30 years ago today, a huge Christmas movie was released in the depths of summer
Forget Die Hard, because THIS is the greatest Christmas movie ever made.
There has been a running argument as to whether Die Hard can even be counted as a Christmas film, let alone be counted as the greatest Christmas film.
While we're firmly in the camp of believing that any movie set at Christmas should be counted - which means so do Gremlins, Iron Man 3, and Kiss Kiss Bang Bang - and we love Die Hard more than most of our own family members, it isn't the best Christmas film of all time.
Batman Returns opens with Pee Wee Herman and his on-screen wife dumping their infant child into a frozen river.
It doesn't get any less weird from that point on.
Released three years after Tim Burton's first Batman movie, the director had no real interest in returning to helm the sequel. It was only when he was given more creative freedom that he agreed to come back to Gotham, which involved ditching the original take on the script, initially revolved around Catwoman and The Penguin hunting down a buried treasure (?!), and also to introduce Two-Face (to be played by a returning Billy Dee Williams) and Robin (to be played by Marlon Wayans).
The first Batman movie cost $35 million to make, and made over $410 million at the box office. The sequel cost $60 million to produce, and made quite a bit less, raking in only $267 million.
Too dark, too weird, too adult-themed seemed to be the problem(s), so Warner Brothers didn't invite Burton back for the next one, which is how we ended up with the day-glo, Bat-nippled Batman Forever, which actually did feature both Two-Face and Robin.
Perhaps one of the bigger problems with Batman Returns was that it was set in and around Christmas, with the heavy snow and ice theme within the movie and publicity materials really pushing that angle. However, the movie was released in the height of summer, on 19 June 1992. This was years before the likes of Titanic and The Lord Of The Rings trilogy proved that Winter was also peak blockbuster release season, and the Hollywood couldn't imagine releasing a huge blockbuster at any time of year other than the peak of summer.
One of the other problems is that... well... the movie really is very, very weird.
After dumping their son in the river, the baby-that-would-become Danny DeVito was taken in by penguins, who just seem to exist under the city, thanks to some kind of abandoned zoo.
When Michelle Pfeiffer is pushed out of a high window by her boss Christopher Walken, and she lands in the back alley behind the corporate skyscraper, we're then treated to a scene of a mass of cats effectively licking and biting her back to life.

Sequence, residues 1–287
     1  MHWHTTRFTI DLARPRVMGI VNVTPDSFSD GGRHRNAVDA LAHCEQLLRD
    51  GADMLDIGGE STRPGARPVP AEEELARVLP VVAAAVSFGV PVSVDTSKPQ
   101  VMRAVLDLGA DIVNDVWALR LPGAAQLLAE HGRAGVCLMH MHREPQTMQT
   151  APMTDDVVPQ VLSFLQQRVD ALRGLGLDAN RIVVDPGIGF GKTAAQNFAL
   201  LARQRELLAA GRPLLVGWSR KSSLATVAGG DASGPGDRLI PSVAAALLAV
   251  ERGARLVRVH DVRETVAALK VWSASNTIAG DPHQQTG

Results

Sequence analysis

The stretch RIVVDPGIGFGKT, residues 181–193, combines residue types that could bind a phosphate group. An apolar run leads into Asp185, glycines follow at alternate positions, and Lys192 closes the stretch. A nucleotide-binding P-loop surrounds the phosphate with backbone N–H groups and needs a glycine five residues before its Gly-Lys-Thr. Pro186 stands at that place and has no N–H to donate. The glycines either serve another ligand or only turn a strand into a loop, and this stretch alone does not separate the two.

Eventually, once most of the many, many, many different subplots fall aside - Shreck's secret power plant, Penguin finding his parents, Catwoman getting revenge on ... everyone?, Shreck making Penguin the Mayor - we eventually land on the big bad central plot, which starts off with Penguin killing the first born sons of the rich and famous of Gotham, and when that doesn't quite work out, he settles for killing every single child in the city.
Plus there is the pretty heavy duty bondage and BDSM subtext. Body-tight leather, whips, rubber, people tied to chairs while wearing very little... can we even call something this heavy-handed subtext? It is just text at this point.
All of that being said, Batman Returns is still an amazing Christmas movie.
It is set in the days leading up to December 25th, and Gotham looks pretty amazing at that time of year. The snowy, freezing backdrop, filled with humongous Christmas trees and constantly twinkling decorations, is a perfect backdrop for the Penguin's hugely nefarious plans. The most wonderful time of year, a time when families should be coming together, is blown apart by a super-villain who is mad at the world because he was so violently rejected by his own family.
Pfeiffer (who only got the gig when Annette Bening got pregnant right before shooting began) and Keaton have one of the movie's best scenes next to an open fire, his mansion immaculately decorated to within an inch of its life, and they discuss exes, initally compare emotional battle scars while trying to hide the physical ones.
Christopher Walken, who seems to be channelling some kind of Trump-From-Christmas-Future (seriously, he plays a dodgy business man with a doofus son trying to rig a political election to make money), while Catwoman destroys his department store (take that, consumerism!), the Red Triangle Gang explode out of a gigantic present, the Ice Princess falls from the roof of a skyscraper and falls right on the button that lights up that humongous Christmas tree.
The spirit of Christmas permeates every scene in Batman Returns, more so than pretty much any other Christmas movie out there, because so much of the movie relies on the setting of Christmas for the plot and the action sequences to make sense. Which, let us be honest, isn't something you can say about Die Hard.
Batman Returns is available to watch on Sky Go and NOW.
Clip via UltimateBatChannel